Baylor St. St Luke's Medical Center, located in the Texas Medical Center in Houston, Texas, on June 24. Photo: Zeng Jingning/China News Service via Getty Images

The Texas Medical Center stopped publishing information on intensive care unit capacities, after an earlier update showed its hospitals reaching 100% base capacity due to the coronavirus pandemic, the Houston Chronicle first reported on Sunday.

Why it matters: Gov. Greg Abbott (R) this week paused plans to reopen the economy and suspended elective surgeries in several areas, including Houston as COVID-19 cases surge. The Houston-based TMC states on its website that its hospital system in Houston represents the "largest medical city in the world."

Driving the news: The TMC, comprising several hospitals and a health care research institution, reported last Thursday that all regular ICU beds were in use, KHOU 11 notes.

  • The Chronicle reported that the data deletion occurred after a conversation between Abbott and hospital executives "in which the governor expressed displeasure with negative headlines about ICU capacity" — a claim the governor's office denied.

What they're saying: "The governor’s office believes all hospitals should be reporting accurate data to the state and to the public as often as possible," a spokesperson for Abbott told the Chronicle. "We demanded more information to share, not less."

  • A TMC spokesperson told NBC News that officials were preparing to publish new data. "After the events of this week, everyone realized the capacity question was complicated and misunderstood," the spokesperson said. "So new slides are being made that better explain. That’s all it is."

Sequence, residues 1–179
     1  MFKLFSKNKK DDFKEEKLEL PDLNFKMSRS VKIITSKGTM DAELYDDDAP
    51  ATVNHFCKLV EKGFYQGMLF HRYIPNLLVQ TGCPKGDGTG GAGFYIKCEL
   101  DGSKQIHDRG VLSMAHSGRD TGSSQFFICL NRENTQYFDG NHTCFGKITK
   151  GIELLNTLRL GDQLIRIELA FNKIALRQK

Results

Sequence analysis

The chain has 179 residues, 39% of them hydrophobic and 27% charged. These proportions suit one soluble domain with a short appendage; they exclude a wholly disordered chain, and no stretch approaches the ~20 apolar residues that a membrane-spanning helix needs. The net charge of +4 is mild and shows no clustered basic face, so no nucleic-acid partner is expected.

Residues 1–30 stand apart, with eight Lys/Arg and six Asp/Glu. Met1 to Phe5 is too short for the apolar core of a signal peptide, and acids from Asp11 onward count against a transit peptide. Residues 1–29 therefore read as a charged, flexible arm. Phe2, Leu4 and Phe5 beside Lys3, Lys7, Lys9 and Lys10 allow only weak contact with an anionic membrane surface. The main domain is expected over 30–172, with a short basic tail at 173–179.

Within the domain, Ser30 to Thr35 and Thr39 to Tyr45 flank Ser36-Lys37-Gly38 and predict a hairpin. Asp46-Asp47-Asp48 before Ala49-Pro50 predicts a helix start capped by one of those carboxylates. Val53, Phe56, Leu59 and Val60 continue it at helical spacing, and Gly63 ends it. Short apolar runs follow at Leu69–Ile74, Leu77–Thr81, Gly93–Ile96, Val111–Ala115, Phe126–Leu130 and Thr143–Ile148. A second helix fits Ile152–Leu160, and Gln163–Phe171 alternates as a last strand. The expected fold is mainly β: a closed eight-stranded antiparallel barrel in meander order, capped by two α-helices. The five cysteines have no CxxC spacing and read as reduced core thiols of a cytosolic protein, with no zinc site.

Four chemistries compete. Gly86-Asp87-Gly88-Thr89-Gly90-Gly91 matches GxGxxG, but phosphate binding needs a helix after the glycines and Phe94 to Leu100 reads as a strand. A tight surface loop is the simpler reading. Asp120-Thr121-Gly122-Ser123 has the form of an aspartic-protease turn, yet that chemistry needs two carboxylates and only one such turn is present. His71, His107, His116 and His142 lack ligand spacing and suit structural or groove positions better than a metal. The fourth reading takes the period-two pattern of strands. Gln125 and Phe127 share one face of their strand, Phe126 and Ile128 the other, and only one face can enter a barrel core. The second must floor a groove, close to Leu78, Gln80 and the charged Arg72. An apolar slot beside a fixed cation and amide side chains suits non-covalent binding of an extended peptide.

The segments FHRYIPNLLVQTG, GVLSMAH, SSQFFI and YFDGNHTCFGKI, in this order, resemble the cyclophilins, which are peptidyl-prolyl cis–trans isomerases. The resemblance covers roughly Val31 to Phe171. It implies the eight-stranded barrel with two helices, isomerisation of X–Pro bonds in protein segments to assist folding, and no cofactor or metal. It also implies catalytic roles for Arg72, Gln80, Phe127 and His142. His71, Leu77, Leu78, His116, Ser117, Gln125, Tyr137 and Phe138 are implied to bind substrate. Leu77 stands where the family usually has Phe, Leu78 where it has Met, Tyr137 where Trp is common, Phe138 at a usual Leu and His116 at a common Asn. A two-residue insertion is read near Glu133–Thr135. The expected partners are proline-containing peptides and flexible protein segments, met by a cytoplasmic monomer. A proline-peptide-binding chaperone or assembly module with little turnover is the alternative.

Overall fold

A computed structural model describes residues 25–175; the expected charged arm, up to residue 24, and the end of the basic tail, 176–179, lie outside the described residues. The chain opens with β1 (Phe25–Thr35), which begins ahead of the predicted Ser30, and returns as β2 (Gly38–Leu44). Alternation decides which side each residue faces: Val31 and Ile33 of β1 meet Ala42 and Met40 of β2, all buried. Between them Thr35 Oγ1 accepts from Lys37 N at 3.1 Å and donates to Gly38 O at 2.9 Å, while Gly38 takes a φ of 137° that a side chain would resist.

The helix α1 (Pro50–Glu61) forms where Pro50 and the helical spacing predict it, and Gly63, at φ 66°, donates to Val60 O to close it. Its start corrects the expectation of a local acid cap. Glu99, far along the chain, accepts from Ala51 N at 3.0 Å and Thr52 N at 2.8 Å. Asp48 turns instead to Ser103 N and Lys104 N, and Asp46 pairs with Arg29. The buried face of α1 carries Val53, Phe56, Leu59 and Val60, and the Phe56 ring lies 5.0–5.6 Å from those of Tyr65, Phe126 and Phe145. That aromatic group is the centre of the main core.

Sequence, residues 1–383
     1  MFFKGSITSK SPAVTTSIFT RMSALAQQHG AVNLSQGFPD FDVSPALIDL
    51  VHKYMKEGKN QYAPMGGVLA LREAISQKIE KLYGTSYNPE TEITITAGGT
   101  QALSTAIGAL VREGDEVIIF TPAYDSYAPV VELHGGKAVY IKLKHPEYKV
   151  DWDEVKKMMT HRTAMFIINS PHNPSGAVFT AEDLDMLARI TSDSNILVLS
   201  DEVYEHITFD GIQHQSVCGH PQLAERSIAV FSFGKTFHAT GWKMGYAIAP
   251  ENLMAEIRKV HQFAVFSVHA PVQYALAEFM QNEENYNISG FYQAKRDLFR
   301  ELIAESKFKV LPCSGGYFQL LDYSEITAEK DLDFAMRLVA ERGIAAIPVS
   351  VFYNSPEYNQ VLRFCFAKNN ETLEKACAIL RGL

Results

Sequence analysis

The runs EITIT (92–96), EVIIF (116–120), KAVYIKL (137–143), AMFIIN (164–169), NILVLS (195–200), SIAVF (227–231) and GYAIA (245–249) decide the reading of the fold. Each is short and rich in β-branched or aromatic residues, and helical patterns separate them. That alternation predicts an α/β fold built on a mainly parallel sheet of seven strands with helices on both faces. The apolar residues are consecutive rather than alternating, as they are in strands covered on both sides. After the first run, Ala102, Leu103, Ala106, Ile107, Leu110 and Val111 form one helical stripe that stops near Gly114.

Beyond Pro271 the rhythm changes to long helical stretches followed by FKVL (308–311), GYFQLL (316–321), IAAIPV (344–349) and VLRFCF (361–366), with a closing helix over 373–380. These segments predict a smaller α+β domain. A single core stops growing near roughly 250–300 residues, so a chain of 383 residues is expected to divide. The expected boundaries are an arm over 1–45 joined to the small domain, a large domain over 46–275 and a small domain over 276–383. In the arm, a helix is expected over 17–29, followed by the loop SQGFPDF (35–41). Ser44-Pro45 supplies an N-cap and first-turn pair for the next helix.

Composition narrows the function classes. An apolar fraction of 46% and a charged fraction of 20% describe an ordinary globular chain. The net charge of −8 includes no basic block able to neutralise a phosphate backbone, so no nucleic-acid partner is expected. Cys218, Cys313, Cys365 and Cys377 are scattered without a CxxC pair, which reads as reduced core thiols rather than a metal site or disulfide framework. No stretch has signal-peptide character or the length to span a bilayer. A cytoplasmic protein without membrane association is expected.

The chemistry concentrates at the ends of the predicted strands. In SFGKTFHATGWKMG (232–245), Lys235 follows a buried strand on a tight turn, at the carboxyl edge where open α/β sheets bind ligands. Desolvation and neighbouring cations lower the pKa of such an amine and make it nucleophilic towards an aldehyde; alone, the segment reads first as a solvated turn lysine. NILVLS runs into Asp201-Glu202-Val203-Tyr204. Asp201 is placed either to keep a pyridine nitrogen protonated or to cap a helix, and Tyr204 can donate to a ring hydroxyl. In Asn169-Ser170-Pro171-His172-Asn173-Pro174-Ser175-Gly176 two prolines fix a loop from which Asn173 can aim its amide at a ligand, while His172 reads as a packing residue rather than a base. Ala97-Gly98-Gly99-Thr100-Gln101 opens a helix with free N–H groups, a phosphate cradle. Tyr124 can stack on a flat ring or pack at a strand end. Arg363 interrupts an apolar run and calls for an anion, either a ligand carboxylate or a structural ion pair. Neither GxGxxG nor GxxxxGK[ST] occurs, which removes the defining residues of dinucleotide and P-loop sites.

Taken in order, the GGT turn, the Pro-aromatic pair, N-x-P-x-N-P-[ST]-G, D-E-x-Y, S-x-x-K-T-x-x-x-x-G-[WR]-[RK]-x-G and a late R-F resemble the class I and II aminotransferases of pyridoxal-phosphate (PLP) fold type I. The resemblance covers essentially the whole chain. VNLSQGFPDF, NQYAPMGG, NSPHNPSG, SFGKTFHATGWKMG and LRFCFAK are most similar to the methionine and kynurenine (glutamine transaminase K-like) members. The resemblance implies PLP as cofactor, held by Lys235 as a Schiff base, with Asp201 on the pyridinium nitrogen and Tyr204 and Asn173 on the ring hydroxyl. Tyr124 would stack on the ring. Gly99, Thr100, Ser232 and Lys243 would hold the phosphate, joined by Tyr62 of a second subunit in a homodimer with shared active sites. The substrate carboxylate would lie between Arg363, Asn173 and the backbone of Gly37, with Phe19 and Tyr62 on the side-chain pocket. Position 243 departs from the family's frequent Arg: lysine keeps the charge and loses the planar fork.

Go deeper: Texas governor urges people to stay home after record spike in coronavirus cases

Go deeper

The surge in coronavirus hospitalizations is severe

Data: The COVID Tracking Project, Harvard Global Health Institute; Cartogram: Andrew Witherspoon/Axios

Coronavirus hospitalizations are skyrocketing, even beyond the high-profile hotspots of Arizona, Florida and Texas.

Why it matters: The U.S. made it through the spring without realizing one of experts' worst fears — overwhelming hospitals' capacity to treat infected people. But that fear is re-emerging as the virus spreads rapidly throughout almost every region of the country.

Updated 12 mins ago - Science

Hurricane Isaias makes landfall in North Carolina

People walk through floodwaters on Ocean Blvd. in Myrtle Beach, South Carolina, on Monday. Photo: Sean Rayford/Getty Images

Hurricane Isaias made landfall as a Category 1 storm near Ocean Isle Beach in southern North Carolina at 11:10 p.m. ET Monday, packing maximum sustained winds of 85 mph, per the National Hurricane Center (NHC).

What's happening: Hurricane conditions were spreading onto the coast of eastern South Carolina and southeastern N.C., the NHC said in an 11 p.m. update. Ocean Isle Beach Mayor Debbie Smith told WECT News the eye of the storm triggered "a series of fires at homes" and "a lot of flooding." Fire authorities confirmed they were responding to "multiple structure fires in the area."

Updated 1 hour ago - Politics & Policy

Coronavirus dashboard

Illustration: Sarah Grillo/Axios

  1. Global: Total confirmed cases as of 12:30 a.m. ET: 18,224,253 — Total deaths: 692,679 — Total recoveries — 10,865,548Map.
  2. U.S.: Total confirmed cases as of 12:30 a.m. ET: 4,713,500 — Total deaths: 155,401 — Total recoveries: 1,513,446 — Total tests: 57,543,852Map.
  3. Politics: White House will require staff to undergo randomized coronavirus testing — Pelosi says Birx "enabled" Trump on misinformation.
  4. Sports: 13 members of St. Louis Cardinals test positive, prompting MLB to cancel Tigers series — Former FDA chief says MLB outbreaks should be warning sign for schools.
  5. 1 🎥 thing: "Tenet" may be the first major film to get a global pandemic release.